Munira Mirza: why has Boris Johnson’s policy chief resigned - and what did she say about Jimmy Savile slur?

Munira Mirza said a remark made by Boris Johnson to Keir Starmer about Jimmy Savile was ‘inappropriate and partisan’

<p>Munira Mirza, Director of the Number 10 Policy Unit, who has reportedly resigned after Boris Johnson failed to apologise for using a "scurrilous" Jimmy Savile slur against Sir Keir Starmer.</p>

Munira Mirza, Director of the Number 10 Policy Unit, who has reportedly resigned after Boris Johnson failed to apologise for using a "scurrilous" Jimmy Savile slur against Sir Keir Starmer.

Downing Street’s head of policy has resigned after Boris Johnson failed to apologise for using a “scurrilous” Jimmy Savile slur against Sir Keir Starmer.

In a fresh blow to the Prime Minister, his long-term ally Munira Mirza was said to have quit in outrage at his “inappropriate and partisan reference to a horrendous case of child sex abuse”.

Mr Johnson once praised Ms Mirza as a “brilliant thinker” and listed her as one of the five women who had influenced and inspired him the most.

Downing Street said in a statement it was “very sorry” that she was quitting, as Tory MP Andrew Griffith was appointed to fill her role.

This is what you need to know about it.

What did Boris Johnson say about Jimmy Savile?

On Monday as he battled to defend himself from the partygate row, Mr Johnson claimed Sir Keir “used his time prosecuting journalists and failing to prosecute Jimmy Savile”.

He was widely criticised for the comment.

The Prime Minister had been refusing to withdraw the claim, and maintained his stance in an interview with The Sun by saying the slur was “fairly accurate”.

During Prime Minister’s Questions on Wednesday, he went on to point to the fact that Sir Keir apologised while DPP in 2013 for the CPS having failed to bring Savile to justice four years earlier.

But there is no evidence that Sir Keir had any personal role in the failure to prosecute the man who was one of Britain’s most egregious sex offenders before his death in 2011.

The Labour leader accused Mr Johnson of “parroting the conspiracy theories of violent fascists to try to score cheap political points”.

However, on Thursday Boris Johnson has sought to “clarify” his widely criticised and debunked claim that Labour leader Sir Keir Starmer failed to prosecute Jimmy Savile when he was director of public prosecutions (DPP).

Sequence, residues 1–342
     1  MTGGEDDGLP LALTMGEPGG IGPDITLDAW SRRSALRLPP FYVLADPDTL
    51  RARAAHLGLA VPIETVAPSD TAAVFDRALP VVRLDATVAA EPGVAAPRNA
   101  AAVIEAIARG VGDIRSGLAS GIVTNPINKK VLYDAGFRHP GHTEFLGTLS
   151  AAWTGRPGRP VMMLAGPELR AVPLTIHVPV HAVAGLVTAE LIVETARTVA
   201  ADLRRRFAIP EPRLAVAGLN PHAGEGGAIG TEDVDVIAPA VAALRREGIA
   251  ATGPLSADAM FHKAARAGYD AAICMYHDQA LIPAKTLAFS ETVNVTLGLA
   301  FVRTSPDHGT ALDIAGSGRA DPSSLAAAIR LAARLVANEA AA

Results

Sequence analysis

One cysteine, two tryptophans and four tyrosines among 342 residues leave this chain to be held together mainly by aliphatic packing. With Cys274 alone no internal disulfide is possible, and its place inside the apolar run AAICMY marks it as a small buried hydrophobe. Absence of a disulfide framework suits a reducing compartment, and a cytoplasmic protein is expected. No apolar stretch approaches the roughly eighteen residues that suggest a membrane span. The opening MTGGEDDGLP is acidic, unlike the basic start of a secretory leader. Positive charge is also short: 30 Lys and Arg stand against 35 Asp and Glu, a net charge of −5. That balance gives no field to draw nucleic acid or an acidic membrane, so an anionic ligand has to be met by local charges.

Speaking to broadcasters, the Prime Minister said: “I want to be very clear about this because a lot of people have got very hot under the collar, and I understand why.

“Let’s be absolutely clear, I’m talking not about the Leader of the Opposition’s personal record when he was DPP and I totally understand that he had nothing to do personally with those decisions.

“I was making a point about his responsibility for the organisation as a whole.

“I really do want to clarify that because it is important.”

What did Munira Mirza say in her resignation letter?

The Spectator reported that Ms Mirza’s resignation letter stated: “I believe it was wrong for you to imply this week that Keir Starmer was personally responsible for allowing Jimmy Savile to escape justice.

“There was no fair or reasonable basis for that assertion. This was not the usual cut and thrust of politics; it was an inappropriate and partisan reference to a horrendous case of child sex abuse. You tried to clarify your position today but, despite my urging, you did not apologise for the misleading impression you gave.

“You are a better man than many of your detractors will ever understand which is why it is so desperately sad that you let yourself down by making a scurrilous accusation against the Leader of the Opposition.”

Her letter ends with the line: “I appreciate that our political culture is not forgiving when people say sorry, but regardless, it is the right thing to do. It is not too late for you but, I’m sorry to say, it is too late for me.”

Ms Mirza, who had various jobs in the culture and charity sectors, including at the Royal Society of Arts, the Policy Exchange think tank, and the Tate, before being made arts adviser to Mr Johnson, aged 30, when he was elected as Mayor of London in 2008.

During Mr Johnson’s time at City Hall, she was promoted, in 2012, to the deputy mayor for education and culture, and was described by his former head of communications at City Hall Guto Harri as “the perfect counter to those critics who suspected the worse of Boris”

Ms Mirza was listed by Mr Johnson in 2020 as one of the top five women who had inspired him.

She was on the list along with campaigner Malala Yousafzai, his grandmother, queen of the British Iceni tribe Boudicca, and singer/songwriter Kate Bush.

There were questions over whether Dougie Smith, who is Ms Mirza’s husband, will also quit as an aide to No 10.

What has been said about her resignation?

The Chancellor, Rishi Sunak, was asked about her resignation and Mr Johnson’s remarks while appearing at a press conference in No 10 over the cost of living crisis.

“She was a valued colleague. I very much enjoyed working with her and I’m sorry to see her leave Government. I’ll miss working with her,” Mr Sunak said.

“With regards to the comments, being honest I wouldn’t have said it and I’m glad the Prime Minister clarified what he meant.”

The resignation of one of his most loyal allies, who has worked with him for more than a decade, further weakens the Prime Minister as he battles to remain leader.

Dominic Cummings, the former chief aide to No 10 who is agitating for the Prime Minister’s removal, said her resignation is an “unmistakable signal the bunker is collapsing”, adding that the “PM is finished”.

The Tory revolt against Mr Johnson over allegations of lockdown-breaching parties in No 10 was growing, with 13 Conservative MPs calling for his resignation.

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